US and European stock futures dipped and the dollar advanced amid concerns about fresh localised lockdowns in response to stubborn outbreaks of the coronavirus.
Australia’s dollar erased gains and turned lower after the country’s Victoria state said it would shutter 10 areas in the metropolis of Melbourne. Earlier, the US state of Arizona ordered a number of establishments including gyms to close for 30 days. Treasuries were flat, while crude oil fell. Asian stocks had gained on improving economic data from the US to China.
Investors are weighing better economic figures against a continued increase in virus cases. Following a stronger-than-forecast US pending home sales figures Monday, China Tuesday reported improving purchasing-manager indexes for both manufacturing and services.
The MSCI All Country World Index is up about 18% this quarter, the biggest advance in 11 years — on the heels of the worst quarter since 2008. The rebound comes even as deaths from the virus surpass 500 000 and confirmed cases exceed 10 million, with the World Health Organisation warning the worst is yet to come.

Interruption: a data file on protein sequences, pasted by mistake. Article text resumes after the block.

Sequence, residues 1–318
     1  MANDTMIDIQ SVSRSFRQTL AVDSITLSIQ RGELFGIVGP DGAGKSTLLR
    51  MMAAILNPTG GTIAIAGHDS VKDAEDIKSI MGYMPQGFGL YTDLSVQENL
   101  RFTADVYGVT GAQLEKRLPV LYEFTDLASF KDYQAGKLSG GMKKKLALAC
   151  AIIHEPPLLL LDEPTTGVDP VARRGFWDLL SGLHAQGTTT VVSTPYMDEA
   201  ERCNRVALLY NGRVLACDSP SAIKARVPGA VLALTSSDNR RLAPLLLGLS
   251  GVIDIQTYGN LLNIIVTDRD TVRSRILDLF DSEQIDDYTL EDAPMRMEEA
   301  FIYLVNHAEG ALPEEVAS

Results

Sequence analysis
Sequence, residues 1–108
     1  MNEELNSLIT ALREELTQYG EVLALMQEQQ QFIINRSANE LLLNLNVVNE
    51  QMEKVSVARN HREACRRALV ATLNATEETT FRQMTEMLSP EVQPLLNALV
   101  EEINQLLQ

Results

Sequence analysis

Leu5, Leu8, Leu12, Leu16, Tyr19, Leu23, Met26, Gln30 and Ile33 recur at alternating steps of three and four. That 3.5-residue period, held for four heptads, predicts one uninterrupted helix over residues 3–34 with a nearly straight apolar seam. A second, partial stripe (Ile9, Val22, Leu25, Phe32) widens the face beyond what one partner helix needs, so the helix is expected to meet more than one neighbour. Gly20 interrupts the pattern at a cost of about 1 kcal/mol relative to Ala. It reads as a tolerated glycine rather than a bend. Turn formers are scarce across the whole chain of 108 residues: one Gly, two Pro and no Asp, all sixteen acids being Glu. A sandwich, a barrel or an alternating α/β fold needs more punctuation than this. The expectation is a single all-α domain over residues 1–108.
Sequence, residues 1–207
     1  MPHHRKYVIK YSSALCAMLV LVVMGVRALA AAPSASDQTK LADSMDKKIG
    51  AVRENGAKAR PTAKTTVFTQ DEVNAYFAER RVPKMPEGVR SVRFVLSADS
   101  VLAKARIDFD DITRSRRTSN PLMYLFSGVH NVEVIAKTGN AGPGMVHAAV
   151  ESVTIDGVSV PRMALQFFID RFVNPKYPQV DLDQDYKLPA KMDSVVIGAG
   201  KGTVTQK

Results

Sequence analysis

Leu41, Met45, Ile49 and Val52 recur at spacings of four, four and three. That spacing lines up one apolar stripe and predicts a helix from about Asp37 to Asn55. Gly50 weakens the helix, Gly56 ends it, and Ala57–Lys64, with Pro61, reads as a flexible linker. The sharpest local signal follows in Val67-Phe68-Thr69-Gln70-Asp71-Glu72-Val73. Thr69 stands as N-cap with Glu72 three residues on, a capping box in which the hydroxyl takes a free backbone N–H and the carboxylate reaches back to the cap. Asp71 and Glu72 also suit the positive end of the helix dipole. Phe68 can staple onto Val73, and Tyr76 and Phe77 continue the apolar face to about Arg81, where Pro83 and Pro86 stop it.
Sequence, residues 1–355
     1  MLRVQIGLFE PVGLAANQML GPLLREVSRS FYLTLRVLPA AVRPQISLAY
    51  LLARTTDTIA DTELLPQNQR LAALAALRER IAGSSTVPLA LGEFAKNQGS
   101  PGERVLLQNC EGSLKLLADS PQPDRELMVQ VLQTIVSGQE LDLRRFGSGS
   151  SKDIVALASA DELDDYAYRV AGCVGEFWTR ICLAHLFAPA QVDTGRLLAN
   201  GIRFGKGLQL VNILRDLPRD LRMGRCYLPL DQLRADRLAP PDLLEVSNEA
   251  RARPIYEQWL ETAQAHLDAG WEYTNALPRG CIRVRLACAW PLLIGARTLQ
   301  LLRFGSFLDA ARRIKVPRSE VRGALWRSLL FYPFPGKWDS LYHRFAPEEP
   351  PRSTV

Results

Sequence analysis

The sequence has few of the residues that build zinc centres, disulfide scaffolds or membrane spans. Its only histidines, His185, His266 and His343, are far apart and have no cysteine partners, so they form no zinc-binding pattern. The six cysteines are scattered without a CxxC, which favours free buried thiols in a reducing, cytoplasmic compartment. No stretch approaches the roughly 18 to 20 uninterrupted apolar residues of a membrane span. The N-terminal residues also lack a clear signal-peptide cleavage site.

“It’s not clear what trajectory coronavirus is heading,” Tom Lee, co-founder and head of research at Fundstrat Global Advisors, said on Bloomberg TV. “But I also think because we’re into quarter-end, there’s been some re-balancing. So I’m kind of in the camp that any weakness is short-lived. I would think July is going to be a strong month for stocks.”
Meanwhile, US Commerce Secretary Wilbur Ross said in a statement that regulations affording preferential treatment to Hong Kong over China, including the availability of export license exceptions, were suspended. Ross pointed to China’s imposition of new security measures on Hong Kong and risks surrounding US technology. China’s top legislative body unanimously voted to pass Hong Kong’s national security legislation, Now TV reported.
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